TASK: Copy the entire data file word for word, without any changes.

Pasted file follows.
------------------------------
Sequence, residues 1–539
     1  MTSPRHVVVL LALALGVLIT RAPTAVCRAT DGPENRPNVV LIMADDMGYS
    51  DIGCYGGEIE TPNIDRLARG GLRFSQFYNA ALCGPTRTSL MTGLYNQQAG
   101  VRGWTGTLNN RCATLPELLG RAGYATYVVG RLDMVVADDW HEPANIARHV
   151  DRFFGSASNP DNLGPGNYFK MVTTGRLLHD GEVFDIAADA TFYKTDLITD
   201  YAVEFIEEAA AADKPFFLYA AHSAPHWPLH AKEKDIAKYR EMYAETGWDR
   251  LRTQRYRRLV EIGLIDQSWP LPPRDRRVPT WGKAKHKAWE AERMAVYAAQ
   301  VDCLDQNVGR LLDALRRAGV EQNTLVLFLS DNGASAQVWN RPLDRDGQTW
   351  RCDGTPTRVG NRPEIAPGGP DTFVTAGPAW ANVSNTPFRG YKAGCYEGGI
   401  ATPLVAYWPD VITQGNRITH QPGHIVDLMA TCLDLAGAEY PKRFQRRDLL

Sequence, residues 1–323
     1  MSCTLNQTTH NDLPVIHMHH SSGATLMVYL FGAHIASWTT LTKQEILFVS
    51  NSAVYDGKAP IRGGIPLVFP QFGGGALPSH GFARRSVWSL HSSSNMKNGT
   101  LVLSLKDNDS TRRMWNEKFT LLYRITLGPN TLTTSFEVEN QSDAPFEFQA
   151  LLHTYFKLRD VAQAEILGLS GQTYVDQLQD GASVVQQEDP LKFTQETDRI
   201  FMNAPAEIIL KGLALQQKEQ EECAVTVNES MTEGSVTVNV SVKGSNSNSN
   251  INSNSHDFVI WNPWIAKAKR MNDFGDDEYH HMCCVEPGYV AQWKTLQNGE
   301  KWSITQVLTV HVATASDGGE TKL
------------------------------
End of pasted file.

Sequence, residues 1–539
     1  MTSPRHVVVL LALALGVLIT RAPTAVCRAT DGPENRPNVV LIMADDMGYS
    51  DIGCYGGEIE TPNIDRLARG GLRFSQFYNA ALCGPTRTSL MTGLYNQQAG
   101  VRGWTGTLNN RCATLPELLG RAGYATYVVG RLDMVVADDW HEPANIARHV
   151  DRFFGSASNP DNLGPGNYFK MVTTGRLLHD GEVFDIAADA TFYKTDLITD
   201  YAVEFIEEAA AADKPFFLYA AHSAPHWPLH AKEKDIAKYR EMYAETGWDR
   251  LRTQRYRRLV EIGLIDQSWP LPPRDRRVPT WGKAKHKAWE AERMAVYAAQ
   301  VDCLDQNVGR LLDALRRAGV EQNTLVLFLS DNGASAQVWN RPLDRDGQTW
   351  RCDGTPTRVG NRPEIAPGGP DTFVTAGPAW ANVSNTPFRG YKAGCYEGGI
   401  ATPLVAYWPD VITQGNRITH QPGHIVDLMA TCLDLAGAEY PKRFQRRDLL

Sequence, residues 1–323
     1  MSCTLNQTTH NDLPVIHMHH SSGATLMVYL FGAHIASWTT LTKQEILFVS
    51  NSAVYDGKAP IRGGIPLVFP QFGGGALPSH GFARRSVWSL HSSSNMKNGT
   101  LVLSLKDNDS TRRMWNEKFT LLYRITLGPN TLTTSFEVEN QSDAPFEFQA
   151  LLHTYFKLRD VAQAEILGLS GQTYVDQLQD GASVVQQEDP LKFTQETDRI
   201  FMNAPAEIIL KGLALQQKEQ EECAVTVNES MTEGSVTVNV SVKGSNSNSN
   251  INSNSHDFVI WNPWIAKAKR MNDFGDDEYH HMCCVEPGYV AQWKTLQNGE
   301  KWSITQVLTV HVATASDGGE TKL